Mission Aviation Fellowship tells of suffering in Kenya
Throughout the deadly post-election violence in Kenya, Mission Avia
tion Fellowship (MAF) has continued with regular flight operations to help those affected by the turmoil. There are, however, no signs that the painful loss of lives and livelihoods will end soon.
Ethnic clashes have left around 850 people dead since the 27 December election and President Mwai Kibaki’s disputed victory. Machete and truncheon-wielding mobs on both sides of the political divide have since been engaged in an unending cycle of attacks, killings and revenge killings, much to the despair of ordinary Kenyans desperate for peace.
Fiona Waugh, working with MAF in Kenya, writes, “We hear stories of people suffering because of the post-election violence in Kenya. But the real trouble is that they were already suffering.
“They were already so poor they were only just making ends meet.” Men, women and children have been forced to flee the gangs baying for their blood, seeking refuge in prisons and police stations, now impromptu refugee camps. "We're getting out because there is no security here. We're being beaten, we're being harassed, we don't know what else to do," said Moses Odour, clamouring to get into a police truck that would take him away from the lakeside town of Naivasha and a crowd of angry Kikuyus brandishing clubs and machetes. "We just want a vehicle to take us home. We can't remain here - it is impossible," said 36-year-old Luo Karen Achieng as she ferried her son to the police station.
"We've been here for 22 years but we are not many in Naivasha so we can't fight on," she wept.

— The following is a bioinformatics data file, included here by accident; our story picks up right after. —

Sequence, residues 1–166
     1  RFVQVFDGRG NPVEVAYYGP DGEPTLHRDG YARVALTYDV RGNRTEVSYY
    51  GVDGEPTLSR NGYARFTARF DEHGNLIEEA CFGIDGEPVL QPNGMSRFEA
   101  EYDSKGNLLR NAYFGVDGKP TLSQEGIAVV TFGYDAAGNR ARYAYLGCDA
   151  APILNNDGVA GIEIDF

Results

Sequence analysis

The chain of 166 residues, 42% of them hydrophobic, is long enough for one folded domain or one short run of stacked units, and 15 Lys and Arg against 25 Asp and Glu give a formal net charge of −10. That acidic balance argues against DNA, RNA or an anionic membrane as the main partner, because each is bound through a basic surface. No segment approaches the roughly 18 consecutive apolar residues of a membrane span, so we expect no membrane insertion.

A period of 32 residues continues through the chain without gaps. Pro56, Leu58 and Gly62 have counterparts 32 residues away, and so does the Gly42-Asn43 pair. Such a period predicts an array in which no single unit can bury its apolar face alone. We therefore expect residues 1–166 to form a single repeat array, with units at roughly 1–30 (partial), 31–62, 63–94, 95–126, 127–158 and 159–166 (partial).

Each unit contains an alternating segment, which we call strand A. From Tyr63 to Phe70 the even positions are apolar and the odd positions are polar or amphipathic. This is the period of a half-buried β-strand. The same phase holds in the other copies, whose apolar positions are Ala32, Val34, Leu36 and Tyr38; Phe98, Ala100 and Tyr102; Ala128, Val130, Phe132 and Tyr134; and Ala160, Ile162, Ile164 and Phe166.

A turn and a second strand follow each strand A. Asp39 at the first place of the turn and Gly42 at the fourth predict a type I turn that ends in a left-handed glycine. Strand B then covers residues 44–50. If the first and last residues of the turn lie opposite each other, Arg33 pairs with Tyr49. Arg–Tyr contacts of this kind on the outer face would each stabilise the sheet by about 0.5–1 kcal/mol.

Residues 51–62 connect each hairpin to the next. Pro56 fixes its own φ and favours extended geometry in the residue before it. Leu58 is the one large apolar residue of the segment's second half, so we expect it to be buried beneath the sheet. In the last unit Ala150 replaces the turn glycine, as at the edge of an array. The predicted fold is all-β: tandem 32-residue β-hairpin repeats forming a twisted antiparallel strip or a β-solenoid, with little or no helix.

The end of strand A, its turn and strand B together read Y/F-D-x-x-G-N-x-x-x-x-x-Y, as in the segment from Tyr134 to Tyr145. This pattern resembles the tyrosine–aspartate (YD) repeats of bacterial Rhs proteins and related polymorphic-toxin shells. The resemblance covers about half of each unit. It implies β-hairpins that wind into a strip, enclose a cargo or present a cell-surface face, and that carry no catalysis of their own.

MAF’s Ms Waugh continued, “For some people, the loss they have suffered from this election is something that will change their lives forever. Children missing out on school, people losing their businesses, losing their homes.
“Some of the people we know have contacts who can help them. But for some of them, all the people they would turn to for help have also lost so much, or never had it in the first place.”
Earlier in the month, MAF pilot Aarno Alanne flew to Kisumu and Eldoret, where some of the worst ethnic violence has taken place, to collect 11 bishops from the Anglican Church of Kenya (ACK) and transport them to Nairobi for an emergency meeting on the crisis.
After two days of praying and consulting over the crisis, 33 bishops pleaded with Kibaki and opposition leader Raila Odinga to submit themselves to mediated dialogue on issues of dispute.
A UN spokesman announced that the formal dialogue process between the rival parties of Kibaki and Odinga would begin on Tuesday, mediated by former UN head Kofi Annan.
In a recent interview with UCB radio, MAF’s Country Director in Kenya Bernard Terlouw stressed the importance of forgiveness and reconciliation, and encouraged unity in prayer among Christians. “In the meantime,” he added, “we just continue to fly.”
By courtesy of Maria Mackay and agencies